West Yorkshire. An interior of a branch of National Westminster Bank on Castle Street. now a modern retail bank in Leeds.13 - .Liverpool .Products A former building society.
. commodities.14 - . and how well these risks are managed and understood is a key driver behind profitability. interest rates. Liquidity risk: risk that a given security or asset cannot be traded quickly enough in the market to prevent a loss (or make the required profit). Some of the main risks faced by banks include: Credit risk: risk of loss arising from a borrower who does not make payments as promised. and how much capital a bank is required to hold. derivatives) Term loan Risk and capital Banks face a number of risks in order to conduct their business.Retail Business loan Cheque account Credit card Home loan Insurance advisor Mutual fund Personal loan Savings account Wholesale Capital raising (Equity / Debt / Hybrids) Mezzanine finance Project finance Revolving credit Risk management (FX.
These claims on banks can act as money because they are negotiable or repayable on demand. or by drawing a cheque that the payee may bank or cash. They are effectively transferable by mere delivery. 3. will decrease due to the change in value of the market risk factors.15 - . either an investment portfolio or a trading portfolio. and hence valued at par. be presented with. Credit intermediation – banks borrow and lend back-to-back on their own account as middle men. in the form of banknotes and current accounts subject to cheque or payment at the customer's order. Banks in the economy Economic functions The economic functions of banks include: 1. It also enables the offsetting of payment flows between geographical areas. Issue of money. reducing the cost of settlement between them. Netting and settlement of payments – banks act as both collection and paying agents for customers. This enables banks to economise on reserves held for settlement of payments. . present. 2. which sets a framework on how banks and depository institutions must handle their capital. since inward and outward payments offset each other. and pay payment instruments. The categorization of assets and capital is highly standardized so that it can be risk weighted (see riskweighted asset). in the case of banknotes. Operational risk: risk arising from execution of a company's business functions. Market risk: risk that the value of a portfolio. The capital requirement is a bank regulation. participating in interbank clearing and settlement systems to collect.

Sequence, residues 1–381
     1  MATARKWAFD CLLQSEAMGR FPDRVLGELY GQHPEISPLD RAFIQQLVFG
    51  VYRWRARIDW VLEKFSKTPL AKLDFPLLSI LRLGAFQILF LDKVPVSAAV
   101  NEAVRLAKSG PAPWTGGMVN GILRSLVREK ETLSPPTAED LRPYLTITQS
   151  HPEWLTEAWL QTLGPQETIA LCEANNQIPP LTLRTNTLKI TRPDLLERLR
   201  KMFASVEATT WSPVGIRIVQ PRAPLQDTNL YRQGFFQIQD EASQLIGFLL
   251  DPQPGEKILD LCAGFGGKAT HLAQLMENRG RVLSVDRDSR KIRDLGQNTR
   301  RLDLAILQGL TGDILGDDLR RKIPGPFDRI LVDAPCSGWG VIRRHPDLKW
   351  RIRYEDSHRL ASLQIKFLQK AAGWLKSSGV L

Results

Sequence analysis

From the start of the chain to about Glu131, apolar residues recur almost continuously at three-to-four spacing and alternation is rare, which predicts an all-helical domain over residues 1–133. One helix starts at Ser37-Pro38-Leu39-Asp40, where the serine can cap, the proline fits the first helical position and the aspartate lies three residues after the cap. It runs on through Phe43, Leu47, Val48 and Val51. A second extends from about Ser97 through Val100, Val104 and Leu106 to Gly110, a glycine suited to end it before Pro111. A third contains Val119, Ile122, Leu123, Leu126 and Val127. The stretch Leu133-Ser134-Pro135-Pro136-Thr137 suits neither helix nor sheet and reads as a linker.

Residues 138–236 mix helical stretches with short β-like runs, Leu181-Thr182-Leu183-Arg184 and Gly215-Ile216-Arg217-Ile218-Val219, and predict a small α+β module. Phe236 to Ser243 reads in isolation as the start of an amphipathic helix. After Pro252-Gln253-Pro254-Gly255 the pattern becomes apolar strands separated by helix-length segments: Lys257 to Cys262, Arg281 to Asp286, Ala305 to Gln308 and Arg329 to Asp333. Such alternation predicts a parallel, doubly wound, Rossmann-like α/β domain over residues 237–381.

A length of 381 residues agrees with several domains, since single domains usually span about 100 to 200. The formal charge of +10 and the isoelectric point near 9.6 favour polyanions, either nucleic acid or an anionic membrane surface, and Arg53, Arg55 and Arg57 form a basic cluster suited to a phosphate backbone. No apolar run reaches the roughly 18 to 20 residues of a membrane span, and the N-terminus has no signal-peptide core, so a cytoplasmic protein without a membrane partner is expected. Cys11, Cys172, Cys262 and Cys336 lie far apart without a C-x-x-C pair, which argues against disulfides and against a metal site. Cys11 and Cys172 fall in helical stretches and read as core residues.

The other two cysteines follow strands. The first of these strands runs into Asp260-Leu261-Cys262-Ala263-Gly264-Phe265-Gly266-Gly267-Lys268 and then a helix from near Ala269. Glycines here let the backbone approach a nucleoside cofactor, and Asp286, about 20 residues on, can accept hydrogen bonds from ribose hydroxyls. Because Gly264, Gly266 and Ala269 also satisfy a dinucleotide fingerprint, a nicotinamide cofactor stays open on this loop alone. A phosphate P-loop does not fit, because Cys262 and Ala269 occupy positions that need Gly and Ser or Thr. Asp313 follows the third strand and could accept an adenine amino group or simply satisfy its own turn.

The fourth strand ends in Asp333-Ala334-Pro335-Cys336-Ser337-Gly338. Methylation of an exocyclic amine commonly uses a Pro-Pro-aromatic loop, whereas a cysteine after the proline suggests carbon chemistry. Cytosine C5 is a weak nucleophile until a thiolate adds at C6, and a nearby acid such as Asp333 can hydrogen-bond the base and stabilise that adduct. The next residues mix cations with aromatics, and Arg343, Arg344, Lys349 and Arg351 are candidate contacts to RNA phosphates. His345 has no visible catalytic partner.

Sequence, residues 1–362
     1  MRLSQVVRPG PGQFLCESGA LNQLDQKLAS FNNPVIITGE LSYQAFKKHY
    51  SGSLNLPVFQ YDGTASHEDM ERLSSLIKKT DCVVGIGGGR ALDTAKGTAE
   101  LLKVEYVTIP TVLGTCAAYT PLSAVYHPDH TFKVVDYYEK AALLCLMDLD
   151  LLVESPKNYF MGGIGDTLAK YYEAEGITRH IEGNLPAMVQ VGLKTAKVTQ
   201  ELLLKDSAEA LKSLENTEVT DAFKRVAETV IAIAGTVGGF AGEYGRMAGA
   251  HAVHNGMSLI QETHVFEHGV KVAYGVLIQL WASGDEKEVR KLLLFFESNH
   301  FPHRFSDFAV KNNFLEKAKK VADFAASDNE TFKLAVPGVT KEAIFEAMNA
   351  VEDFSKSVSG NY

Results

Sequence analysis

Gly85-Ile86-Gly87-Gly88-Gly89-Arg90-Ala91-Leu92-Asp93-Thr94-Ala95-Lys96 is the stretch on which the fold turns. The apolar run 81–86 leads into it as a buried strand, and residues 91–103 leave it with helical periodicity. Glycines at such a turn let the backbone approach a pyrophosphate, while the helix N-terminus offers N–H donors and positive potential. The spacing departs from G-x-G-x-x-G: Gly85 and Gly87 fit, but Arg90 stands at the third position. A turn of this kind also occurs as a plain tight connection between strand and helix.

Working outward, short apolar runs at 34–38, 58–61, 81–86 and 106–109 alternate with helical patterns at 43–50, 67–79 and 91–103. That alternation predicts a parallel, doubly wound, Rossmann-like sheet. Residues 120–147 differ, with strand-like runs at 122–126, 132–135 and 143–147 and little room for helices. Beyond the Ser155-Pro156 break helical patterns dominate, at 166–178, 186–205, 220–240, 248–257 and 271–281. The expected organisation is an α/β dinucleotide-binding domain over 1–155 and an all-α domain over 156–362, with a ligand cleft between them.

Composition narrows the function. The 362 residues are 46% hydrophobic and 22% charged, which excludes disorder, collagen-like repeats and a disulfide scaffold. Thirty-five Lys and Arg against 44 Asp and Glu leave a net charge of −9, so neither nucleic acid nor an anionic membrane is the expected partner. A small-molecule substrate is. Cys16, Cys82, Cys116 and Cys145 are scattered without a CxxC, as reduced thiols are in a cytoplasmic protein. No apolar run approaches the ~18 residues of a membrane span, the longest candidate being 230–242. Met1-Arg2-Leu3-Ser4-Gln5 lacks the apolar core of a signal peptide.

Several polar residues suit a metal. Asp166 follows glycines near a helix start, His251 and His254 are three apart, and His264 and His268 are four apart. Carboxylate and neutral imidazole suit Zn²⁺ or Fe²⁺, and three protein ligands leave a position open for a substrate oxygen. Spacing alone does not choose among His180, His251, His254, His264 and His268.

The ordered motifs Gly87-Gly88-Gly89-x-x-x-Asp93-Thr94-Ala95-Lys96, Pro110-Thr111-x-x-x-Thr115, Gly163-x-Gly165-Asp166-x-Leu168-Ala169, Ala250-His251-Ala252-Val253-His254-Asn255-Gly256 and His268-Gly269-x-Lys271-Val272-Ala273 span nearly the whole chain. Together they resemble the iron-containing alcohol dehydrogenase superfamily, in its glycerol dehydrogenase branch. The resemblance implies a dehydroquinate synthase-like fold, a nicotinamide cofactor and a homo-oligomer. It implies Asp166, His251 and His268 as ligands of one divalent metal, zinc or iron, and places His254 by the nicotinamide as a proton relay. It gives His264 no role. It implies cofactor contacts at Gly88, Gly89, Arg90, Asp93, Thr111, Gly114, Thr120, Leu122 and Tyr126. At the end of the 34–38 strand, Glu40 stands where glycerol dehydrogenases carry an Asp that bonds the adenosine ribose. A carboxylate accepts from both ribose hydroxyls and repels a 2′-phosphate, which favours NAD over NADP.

Prominent examples include the bank run that occurred during the Great Depression. 5. if the bank gets into difficulty and pledges assets as security.4.16 - . Banking crises have developed many times throughout history. However. wholesale cash markets and securities markets). With a stronger credit quality than most other borrowers.g. the Japanese banking crisis during the 1990s. and raising replacement funding as needed from various sources (e. the U. but provide more long term loans. accepting deposits and issuing banknotes) and redemptions (e. These include liquidity risk (where many depositors may request withdrawals in excess of available funds). The improvement comes from diversification of the bank's assets and capital which provides a buffer to absorb losses without defaulting on its obligations. In other words. withdrawals and redemptions of banknotes). banks can do this by aggregating issues (e. Bank crisis Banks are susceptible to many forms of risk which have triggered occasional systemic crises. but are high quality borrowers. if rising interest rates force it to pay relatively more on its deposits than it receives on its loans). and interest rate risk (the possibility that the bank will become unprofitable.g. when one or more risks have materialized for a banking sector as a whole. credit risk (the chance that those who owe money to the bank will not repay it). and the subprime mortgage crisis in the 2000s. they borrow short and lend long. investing in marketable securities that can be readily converted to cash if needed. Savings and Loan crisis in the 1980s and early 1990s.S. this puts the note holders and depositors in an economically subordinated position. Maturity transformation – banks borrow more on demand debt and short term debt. Credit quality improvement – banks lend money to ordinary commercial and personal borrowers (ordinary credit quality).g. maintaining reserves of cash. banknotes and deposits are generally unsecured. . to raise the funding it needs to continue to operate.